Japamala and Devotional Practices

January 9, 2018


Japamala and The Devotional Practices of Prayers


Japamala is better known in the West as a rosary of prayers, is an ancient object used as part of various religious practices and spiritual devotions. Used in many cultures and religions to pace prayers or mantralizations, these beads come in many different shapes, sizes, and materials and can have an unusual number of beads, depending on culture or religion.


In Hinduism and Buddhism, they are used with 108 beads, always having a more significant account representing the Divinity, around which the 108 distinct manifestations, returns or incarnations revolve. It is the representation of the diversity that revolves around a single unit.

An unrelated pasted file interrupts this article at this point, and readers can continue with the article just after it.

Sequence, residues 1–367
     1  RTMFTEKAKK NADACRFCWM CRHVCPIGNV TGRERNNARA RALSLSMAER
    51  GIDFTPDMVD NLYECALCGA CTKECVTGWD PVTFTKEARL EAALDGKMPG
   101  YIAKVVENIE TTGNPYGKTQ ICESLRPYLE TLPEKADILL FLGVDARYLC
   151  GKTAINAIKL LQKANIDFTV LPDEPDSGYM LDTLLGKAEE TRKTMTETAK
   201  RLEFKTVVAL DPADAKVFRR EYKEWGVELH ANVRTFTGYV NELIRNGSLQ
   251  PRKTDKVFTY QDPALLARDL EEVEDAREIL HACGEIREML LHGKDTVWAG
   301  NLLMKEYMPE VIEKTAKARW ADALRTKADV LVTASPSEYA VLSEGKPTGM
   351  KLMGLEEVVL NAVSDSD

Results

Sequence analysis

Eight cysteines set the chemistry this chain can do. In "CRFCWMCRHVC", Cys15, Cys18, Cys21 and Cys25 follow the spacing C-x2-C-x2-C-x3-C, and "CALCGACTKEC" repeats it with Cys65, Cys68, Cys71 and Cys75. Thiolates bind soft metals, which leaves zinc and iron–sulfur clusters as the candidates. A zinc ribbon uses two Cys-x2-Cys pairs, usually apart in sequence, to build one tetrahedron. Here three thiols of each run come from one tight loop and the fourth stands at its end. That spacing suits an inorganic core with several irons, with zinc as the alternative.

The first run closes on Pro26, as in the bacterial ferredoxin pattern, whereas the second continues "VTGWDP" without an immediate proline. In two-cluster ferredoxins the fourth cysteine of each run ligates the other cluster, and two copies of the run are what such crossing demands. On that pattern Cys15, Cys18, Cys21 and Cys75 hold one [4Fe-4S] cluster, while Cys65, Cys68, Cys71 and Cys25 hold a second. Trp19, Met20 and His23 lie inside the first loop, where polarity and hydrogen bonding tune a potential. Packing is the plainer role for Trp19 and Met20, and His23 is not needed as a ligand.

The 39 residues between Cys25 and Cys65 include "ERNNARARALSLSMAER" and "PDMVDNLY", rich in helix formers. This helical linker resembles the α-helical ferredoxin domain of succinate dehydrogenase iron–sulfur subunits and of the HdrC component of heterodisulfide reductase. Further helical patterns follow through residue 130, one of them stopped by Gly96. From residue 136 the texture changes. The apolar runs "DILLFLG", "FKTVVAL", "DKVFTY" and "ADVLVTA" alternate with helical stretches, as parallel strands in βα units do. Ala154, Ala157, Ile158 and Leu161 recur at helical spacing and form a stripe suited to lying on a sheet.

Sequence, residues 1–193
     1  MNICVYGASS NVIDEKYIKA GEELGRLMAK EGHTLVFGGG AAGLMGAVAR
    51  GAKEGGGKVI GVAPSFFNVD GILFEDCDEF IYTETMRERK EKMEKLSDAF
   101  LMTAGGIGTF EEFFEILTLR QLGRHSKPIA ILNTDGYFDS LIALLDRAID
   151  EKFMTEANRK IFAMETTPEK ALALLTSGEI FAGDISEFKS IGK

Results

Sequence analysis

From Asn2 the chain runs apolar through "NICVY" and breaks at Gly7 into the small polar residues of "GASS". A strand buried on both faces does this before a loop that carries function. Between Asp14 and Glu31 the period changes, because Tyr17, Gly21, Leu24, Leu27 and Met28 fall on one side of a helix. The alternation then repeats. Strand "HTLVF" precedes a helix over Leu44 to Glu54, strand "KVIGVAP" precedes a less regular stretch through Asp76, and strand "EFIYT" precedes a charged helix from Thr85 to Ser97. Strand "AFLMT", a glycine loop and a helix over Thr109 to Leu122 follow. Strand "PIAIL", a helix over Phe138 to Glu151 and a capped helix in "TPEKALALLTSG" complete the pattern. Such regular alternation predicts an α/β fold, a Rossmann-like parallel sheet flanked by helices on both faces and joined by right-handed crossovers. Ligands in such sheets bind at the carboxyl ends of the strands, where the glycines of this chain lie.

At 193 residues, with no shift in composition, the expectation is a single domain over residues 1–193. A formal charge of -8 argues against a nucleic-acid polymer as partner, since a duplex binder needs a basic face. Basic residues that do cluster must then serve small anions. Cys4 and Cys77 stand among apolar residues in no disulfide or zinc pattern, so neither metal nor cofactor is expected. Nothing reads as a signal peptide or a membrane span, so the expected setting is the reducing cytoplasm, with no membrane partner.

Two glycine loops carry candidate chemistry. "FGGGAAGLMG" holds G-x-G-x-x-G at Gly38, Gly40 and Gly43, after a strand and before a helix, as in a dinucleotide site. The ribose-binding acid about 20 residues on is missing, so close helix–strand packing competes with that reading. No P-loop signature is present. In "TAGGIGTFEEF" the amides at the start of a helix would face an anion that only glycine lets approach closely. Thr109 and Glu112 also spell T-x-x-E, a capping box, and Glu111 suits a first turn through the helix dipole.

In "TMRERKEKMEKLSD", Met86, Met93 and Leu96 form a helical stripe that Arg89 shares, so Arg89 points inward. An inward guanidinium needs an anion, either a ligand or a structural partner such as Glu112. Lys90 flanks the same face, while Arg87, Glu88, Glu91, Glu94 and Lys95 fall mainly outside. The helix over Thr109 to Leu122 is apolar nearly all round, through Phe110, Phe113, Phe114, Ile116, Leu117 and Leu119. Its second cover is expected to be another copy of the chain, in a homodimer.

"Japa" is a Sanskrit word that comes from the verbal root "jap," which means "to whisper, to whisper." "Japa" is the yogic practice in the murmuring repetition of mantras, scripture passages, or the name of a deity.



The repetition of these mantras for the "Japa," or a "chain," a "cord of energy." Mala is a word of many meanings in Sanskrit, but in this case, it means only "bead of beads. "We then have two chains, one spiritual, "Japa" and another material, "Mala." Thus, the spiritual energies invoked "Japa," energize the "Mala." Generally, the "mala," used for the "japa," "whisper," contains 108 beads.


It is believed that in completing the circuit of 108 mantras is one more step on the path of spiritual upliftment. Each turn performed in the mala is a step on the ladder for union with the divine ether.

A Mala encourages its user to do the japas daily.


The devotional Practice